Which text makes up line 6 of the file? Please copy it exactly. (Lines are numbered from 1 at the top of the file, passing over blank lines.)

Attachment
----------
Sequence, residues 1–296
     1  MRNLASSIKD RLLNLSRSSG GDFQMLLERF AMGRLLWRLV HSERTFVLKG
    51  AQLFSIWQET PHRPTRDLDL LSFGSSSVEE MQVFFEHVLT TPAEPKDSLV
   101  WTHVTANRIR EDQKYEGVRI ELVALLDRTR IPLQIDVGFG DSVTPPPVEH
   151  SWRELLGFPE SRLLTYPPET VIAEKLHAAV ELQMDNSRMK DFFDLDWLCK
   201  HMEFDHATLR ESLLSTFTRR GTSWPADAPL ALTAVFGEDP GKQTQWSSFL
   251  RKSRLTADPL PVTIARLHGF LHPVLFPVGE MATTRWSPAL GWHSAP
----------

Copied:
   201  HMEFDHATLR ESLLSTFTRR GTSWPADAPL ALTAVFGEDP GKQTQWSSFL